But now, it is no longer I who do it, but sin that dwells in me. For I know that in me (that is, in my flesh) nothing good dwells; for to will is present with me, but how to perform what is good I do not find. (Rom 7:17-18)

This is not to suggest that the use of the Internet is a sin. But there is a chance for our bad habits to turn into a sin. Once our bad habits interfere with our time with God and our relationship with other people, we will need to weigh our habits and think, "What is it that compels us to find more interest with the Internet rather than with God?"

We need to acknowledge that we have this weakness. If we cannot be honest with ourselves, can we examine ourselves effectively with a sincere heart? By adding good habits to balance out the bad, this shows that we are not honest with ourselves to really break the bad ones.

Being honest with ourselves and examining our actions is the first step. The second step is to break the Internet wave.


If you find yourself reaching for your computer mouse to click on the Internet icon again, ask yourself, "Is there something I can do that is more productive and worthwhile?" What are some of the practical solutions to control our habit of using the Internet too much?

Remove the cause of the problem

This doesn't mean to disconnect the Internet from every computer or laptop in your household. If there are more than a few computers or laptops, one suggestion is to have only one computer connected. Place the computer in a public room. For those who take their laptop to-and-from work, is it essential to bring it home?

Occupy yourself

Take up an unusual hobby. If you find your fingers itching take up an activity that will keep them busy. Maybe you’ll want to explore something you’ve always wanted to learn: arts and crafts, pottery, journal writing, or anything that doesn’t require a computer.

Set a time

Set a time when you can use the Internet and stick to a certain time limit. This will exercise your self-control and will become part of your routine rather than an addictive bad habit.


Take up a sport or go for a brisk walk. Exercise can be very empowering and satisfying, and it is good for your body, mind and soul.

Make a concerted effort with fellow surfers

Sometimes, it is very difficult to stay away from the Internet if all our friends continue with the bad habit while we are the only one making the effort. This is really the time that we can help each other improve ourselves. Make a pact with fellow brothers and sisters to break the wave. Encourage and support one another to spend our time on healthier activities.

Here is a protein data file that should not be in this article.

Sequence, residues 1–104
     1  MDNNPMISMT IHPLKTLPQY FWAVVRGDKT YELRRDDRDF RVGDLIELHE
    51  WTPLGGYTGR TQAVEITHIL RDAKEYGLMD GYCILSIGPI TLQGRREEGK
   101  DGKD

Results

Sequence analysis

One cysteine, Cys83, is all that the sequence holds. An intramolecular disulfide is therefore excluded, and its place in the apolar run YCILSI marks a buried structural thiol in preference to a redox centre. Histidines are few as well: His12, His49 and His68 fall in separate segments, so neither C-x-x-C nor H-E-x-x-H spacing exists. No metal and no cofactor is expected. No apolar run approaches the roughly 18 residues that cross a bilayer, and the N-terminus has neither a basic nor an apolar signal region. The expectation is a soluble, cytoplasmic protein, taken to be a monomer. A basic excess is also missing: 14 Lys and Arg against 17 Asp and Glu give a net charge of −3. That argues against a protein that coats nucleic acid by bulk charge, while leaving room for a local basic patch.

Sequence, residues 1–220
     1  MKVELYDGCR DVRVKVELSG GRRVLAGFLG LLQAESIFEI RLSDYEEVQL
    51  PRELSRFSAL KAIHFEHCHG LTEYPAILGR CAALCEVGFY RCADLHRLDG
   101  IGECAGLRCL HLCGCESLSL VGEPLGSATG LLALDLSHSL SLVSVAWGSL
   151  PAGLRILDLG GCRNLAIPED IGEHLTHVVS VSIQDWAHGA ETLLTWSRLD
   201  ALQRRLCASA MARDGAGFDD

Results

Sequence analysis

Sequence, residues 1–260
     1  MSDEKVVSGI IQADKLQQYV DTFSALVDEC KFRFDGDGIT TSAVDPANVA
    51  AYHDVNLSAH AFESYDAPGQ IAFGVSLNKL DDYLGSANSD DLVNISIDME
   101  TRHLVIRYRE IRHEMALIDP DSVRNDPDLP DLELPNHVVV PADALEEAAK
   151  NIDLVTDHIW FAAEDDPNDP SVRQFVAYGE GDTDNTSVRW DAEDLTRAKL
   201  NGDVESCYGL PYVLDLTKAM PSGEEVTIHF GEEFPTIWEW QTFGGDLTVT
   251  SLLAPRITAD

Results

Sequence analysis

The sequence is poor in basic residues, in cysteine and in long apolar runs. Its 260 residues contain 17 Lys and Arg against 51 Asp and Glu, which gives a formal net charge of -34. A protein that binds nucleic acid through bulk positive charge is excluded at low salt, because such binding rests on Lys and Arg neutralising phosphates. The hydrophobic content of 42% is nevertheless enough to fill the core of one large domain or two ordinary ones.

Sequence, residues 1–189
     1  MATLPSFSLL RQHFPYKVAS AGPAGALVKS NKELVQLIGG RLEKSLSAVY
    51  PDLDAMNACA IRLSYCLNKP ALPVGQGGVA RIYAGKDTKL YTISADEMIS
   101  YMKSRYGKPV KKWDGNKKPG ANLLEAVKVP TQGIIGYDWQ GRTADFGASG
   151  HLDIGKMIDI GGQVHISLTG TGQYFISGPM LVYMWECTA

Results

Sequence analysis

Organize your life so you know which things are more important. Place God in the centre of your life rather than revolve your life around the Internet. I still like to chat with friends online, but I've managed to do this in a more effective and conventional method. Writing letters by hand prove to be more meaningful and personal. Even though you don't receive an instant reply, you have a chance to express your true character rather than chat impulsively without much thought. Though owning a computer is essential to our studies, I've managed not to own one and just use the university's facilities or share the computer at home. It is a struggle, but it has improved my organization skills and punctuality, and it has helped me keep my time on the Internet to as brief as possible.


Paul makes a very good point in 1 Corinthians 6:12: “All things are lawful for me, but all things are not helpful. All things are lawful for me, but I will not be brought under the power of any.”

In other words, we have everything available within our reach but not all things are beneficial. It's like seeing a huge dinner table with many different types of delicious foods. We can choose to eat anything from that table but not everything is healthy.

It's good to treat yourself to a chocolate cake but do you seriously want more chocolate cake knowing it just expands your waistline and will never feed your cravings?

He also reminds us, "Set your minds on things above, not on things in the earth" (Col 3:2). If we can place our mind and thoughts on things that really matter, the things of the world will not matter so much.

We, as children of God, have been given the Holy Spirit to aid us and guide us. We have such a wonderful gift that we can distinguish right and wrong; a good habit from a bad one. We will know how to use the Internet moderately rather than excessively.

Break the habit that hinders us from spending time with God. If we can set our minds on Him, He will surely help us overcome our shortcomings.

Living in a constantly changing society is not easy. We become exposed to new technological advances, and the application of the Internet is vast and wide. It will bring us more temptations and desires, and we can be enticed by them.

            "And do not be conformed to this world, but be transformed by the renewing of your mind, that you may prove what is that good and acceptable and perfect will of God" (Rom 12:2).

One of the key words is "renewing." We need to give ourselves a constant spiritual refill of the Holy Spirit. The only way to do this is by constant self examination. Through constant self-examination and spiritual cultivation, we are able to realize that there is more to our lives than the Internet. We will be able to step away from the edge of temptation and step out of our bad habits.

Only then we can truly say, "I will not be brought under the power of any” (1 Cor ).

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Publisher: True Jesus Church